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TY - JOUR

T1 - Polysialic acid engineering

T2 - Synthesis of polysialylated neoglycosphingolipids by using the polysialyltransferase from neuroinvasive Escherichia coli K1

AU - Cho, Jin Won

AU - Troy, Frederic A.

PY - 1994/11/22

Y1 - 1994/11/22

N2 - The CMP-sialic acid:polyα2,8sialosyl sialyltransferase (polyST) in neurotropic Escherichia coli K1 inner membranes catalyzes synthesis of the α2,8-linked polysialic acid capsule. The capsule is a neurovirulent determinant associated with neonatal meningitis in humans. A functionally similar polyST in human neuroblastomas polysialylates neural cell adhesion molecules. While bacteria do not synthesize glycosphingolipids (GSLs), we report here that the E. coli K1 polyST can selectively polysialylate several structurally related GSLs, when added as exogenous sialyl acceptors. A structural feature common to the preferred sialyl acceptors (G(D3) > G(T1a) > G(Q1b) = G(T1b) > G(D2) = G(D1b) = G(D1a) > G(M1)) was the disialyl glycotope, Siaα2,8Sia, α2,3-linked to galactose (Sia is sialic acid). A linear tetrasaccharide with a terminal Sia residue (e.g., G(D3)) was the minimum length oligosaccharide recognized by the polyST. Endo-N- acylneuraminidase was used to confirm the α2,8-specific polysialylation of GSL. Ceramide glycanase was used to release the polysialyllactose chains from the ceramide moiety. Size analysis of these chains showed that 60-80 Sia residues were transferred to the disialyllactose moiety of G(D3). The significance of these findings is two-fold. (i) The E. coli K1 polyST can be used as a synthetic reagent to enzymatically engineer the glycosyl moiety of GSL, thus creating oligo- or polysialylated GSLs. Such 'designer' GSLs may have potentially important biological and pharmacological properties. (ii) The use of GSLs as exogenous sialyl acceptors increases the sensitivity of detecting polyST activity. The practical advantage of this finding is that polyST activity can be identified and studied in those eukaryotic cells that express low levels of this developmentally regulated enzyme and/or its acceptor.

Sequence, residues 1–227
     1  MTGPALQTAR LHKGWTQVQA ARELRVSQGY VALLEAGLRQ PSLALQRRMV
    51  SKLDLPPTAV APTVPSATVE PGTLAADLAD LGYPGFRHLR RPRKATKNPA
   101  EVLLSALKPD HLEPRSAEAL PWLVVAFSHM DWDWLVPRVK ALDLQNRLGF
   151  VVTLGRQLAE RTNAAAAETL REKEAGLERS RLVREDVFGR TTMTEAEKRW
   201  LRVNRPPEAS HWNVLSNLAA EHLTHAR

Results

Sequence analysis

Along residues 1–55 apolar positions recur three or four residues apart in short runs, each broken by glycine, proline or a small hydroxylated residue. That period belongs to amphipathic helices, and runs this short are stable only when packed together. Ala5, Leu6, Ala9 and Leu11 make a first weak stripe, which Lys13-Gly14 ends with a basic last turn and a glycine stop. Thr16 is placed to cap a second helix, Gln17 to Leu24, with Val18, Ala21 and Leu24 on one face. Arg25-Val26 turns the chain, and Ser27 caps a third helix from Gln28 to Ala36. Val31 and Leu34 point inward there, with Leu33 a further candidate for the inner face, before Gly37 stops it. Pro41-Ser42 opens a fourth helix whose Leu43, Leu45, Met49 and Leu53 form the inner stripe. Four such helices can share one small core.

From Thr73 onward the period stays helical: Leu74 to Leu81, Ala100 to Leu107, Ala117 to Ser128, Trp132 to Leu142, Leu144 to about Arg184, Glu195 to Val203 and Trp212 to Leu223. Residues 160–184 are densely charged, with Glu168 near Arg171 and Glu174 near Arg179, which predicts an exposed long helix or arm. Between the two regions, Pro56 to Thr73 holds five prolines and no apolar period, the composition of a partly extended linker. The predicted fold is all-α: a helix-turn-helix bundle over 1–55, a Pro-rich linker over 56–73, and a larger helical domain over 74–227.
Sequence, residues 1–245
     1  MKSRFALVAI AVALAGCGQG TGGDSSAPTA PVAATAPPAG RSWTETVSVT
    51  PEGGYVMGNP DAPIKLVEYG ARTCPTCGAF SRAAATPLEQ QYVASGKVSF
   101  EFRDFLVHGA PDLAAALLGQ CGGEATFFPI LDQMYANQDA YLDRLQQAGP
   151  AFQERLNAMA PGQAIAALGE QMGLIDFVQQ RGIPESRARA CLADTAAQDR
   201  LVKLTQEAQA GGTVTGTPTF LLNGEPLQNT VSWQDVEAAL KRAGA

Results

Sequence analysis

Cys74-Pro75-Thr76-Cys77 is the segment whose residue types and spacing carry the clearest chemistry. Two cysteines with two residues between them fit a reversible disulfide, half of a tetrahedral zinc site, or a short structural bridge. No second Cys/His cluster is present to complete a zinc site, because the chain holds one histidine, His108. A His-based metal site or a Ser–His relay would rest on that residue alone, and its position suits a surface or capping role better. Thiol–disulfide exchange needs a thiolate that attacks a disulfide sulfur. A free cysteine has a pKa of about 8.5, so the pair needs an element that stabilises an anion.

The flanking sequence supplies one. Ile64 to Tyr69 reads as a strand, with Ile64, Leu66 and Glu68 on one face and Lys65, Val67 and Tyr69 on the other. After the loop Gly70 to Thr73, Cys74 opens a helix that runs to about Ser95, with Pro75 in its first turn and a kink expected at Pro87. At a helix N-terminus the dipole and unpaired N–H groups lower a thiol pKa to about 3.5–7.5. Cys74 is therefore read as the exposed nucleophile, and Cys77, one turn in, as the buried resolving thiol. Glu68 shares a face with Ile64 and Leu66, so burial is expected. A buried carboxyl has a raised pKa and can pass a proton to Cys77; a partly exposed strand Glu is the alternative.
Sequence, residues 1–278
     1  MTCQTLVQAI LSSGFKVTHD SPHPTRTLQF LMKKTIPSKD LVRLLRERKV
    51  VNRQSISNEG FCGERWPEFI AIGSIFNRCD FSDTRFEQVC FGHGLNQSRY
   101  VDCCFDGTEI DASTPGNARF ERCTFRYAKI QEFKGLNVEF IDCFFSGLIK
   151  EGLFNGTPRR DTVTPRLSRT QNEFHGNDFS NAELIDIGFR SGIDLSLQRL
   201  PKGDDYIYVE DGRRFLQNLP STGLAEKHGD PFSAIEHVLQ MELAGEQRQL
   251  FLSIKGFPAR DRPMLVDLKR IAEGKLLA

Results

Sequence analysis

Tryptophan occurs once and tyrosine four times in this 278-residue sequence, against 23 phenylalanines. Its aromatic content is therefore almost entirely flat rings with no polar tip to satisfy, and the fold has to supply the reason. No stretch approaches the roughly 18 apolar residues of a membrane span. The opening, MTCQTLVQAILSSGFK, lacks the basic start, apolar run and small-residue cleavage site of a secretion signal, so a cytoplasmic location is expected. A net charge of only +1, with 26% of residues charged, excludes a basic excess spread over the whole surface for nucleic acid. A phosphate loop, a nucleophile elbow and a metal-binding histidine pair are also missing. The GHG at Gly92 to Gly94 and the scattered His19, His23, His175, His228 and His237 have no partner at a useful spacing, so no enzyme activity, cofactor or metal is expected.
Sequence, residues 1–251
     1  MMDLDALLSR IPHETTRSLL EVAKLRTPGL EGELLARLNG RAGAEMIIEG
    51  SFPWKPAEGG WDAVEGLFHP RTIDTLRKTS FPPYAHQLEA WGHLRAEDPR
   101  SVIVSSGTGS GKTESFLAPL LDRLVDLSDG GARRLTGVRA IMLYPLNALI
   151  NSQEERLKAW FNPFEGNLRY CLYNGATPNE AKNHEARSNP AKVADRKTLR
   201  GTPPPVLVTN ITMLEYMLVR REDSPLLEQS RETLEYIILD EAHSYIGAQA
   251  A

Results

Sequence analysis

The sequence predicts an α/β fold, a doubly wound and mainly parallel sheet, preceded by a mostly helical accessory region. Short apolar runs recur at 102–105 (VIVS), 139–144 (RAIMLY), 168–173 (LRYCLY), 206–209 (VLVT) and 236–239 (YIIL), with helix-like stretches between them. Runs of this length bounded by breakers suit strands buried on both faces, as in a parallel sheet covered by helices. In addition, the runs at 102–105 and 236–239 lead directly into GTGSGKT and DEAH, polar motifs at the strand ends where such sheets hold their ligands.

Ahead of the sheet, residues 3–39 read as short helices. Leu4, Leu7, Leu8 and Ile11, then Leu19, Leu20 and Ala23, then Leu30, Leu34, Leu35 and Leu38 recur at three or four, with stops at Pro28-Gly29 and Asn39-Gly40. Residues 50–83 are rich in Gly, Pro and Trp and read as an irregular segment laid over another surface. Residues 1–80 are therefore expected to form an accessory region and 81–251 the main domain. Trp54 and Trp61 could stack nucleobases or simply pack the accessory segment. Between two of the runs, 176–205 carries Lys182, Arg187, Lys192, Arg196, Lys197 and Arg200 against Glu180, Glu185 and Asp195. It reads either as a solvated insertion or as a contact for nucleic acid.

AB - The CMP-sialic acid:polyα2,8sialosyl sialyltransferase (polyST) in neurotropic Escherichia coli K1 inner membranes catalyzes synthesis of the α2,8-linked polysialic acid capsule. The capsule is a neurovirulent determinant associated with neonatal meningitis in humans. A functionally similar polyST in human neuroblastomas polysialylates neural cell adhesion molecules. While bacteria do not synthesize glycosphingolipids (GSLs), we report here that the E. coli K1 polyST can selectively polysialylate several structurally related GSLs, when added as exogenous sialyl acceptors. A structural feature common to the preferred sialyl acceptors (G(D3) > G(T1a) > G(Q1b) = G(T1b) > G(D2) = G(D1b) = G(D1a) > G(M1)) was the disialyl glycotope, Siaα2,8Sia, α2,3-linked to galactose (Sia is sialic acid). A linear tetrasaccharide with a terminal Sia residue (e.g., G(D3)) was the minimum length oligosaccharide recognized by the polyST. Endo-N- acylneuraminidase was used to confirm the α2,8-specific polysialylation of GSL. Ceramide glycanase was used to release the polysialyllactose chains from the ceramide moiety. Size analysis of these chains showed that 60-80 Sia residues were transferred to the disialyllactose moiety of G(D3). The significance of these findings is two-fold. (i) The E. coli K1 polyST can be used as a synthetic reagent to enzymatically engineer the glycosyl moiety of GSL, thus creating oligo- or polysialylated GSLs. Such 'designer' GSLs may have potentially important biological and pharmacological properties. (ii) The use of GSLs as exogenous sialyl acceptors increases the sensitivity of detecting polyST activity. The practical advantage of this finding is that polyST activity can be identified and studied in those eukaryotic cells that express low levels of this developmentally regulated enzyme and/or its acceptor.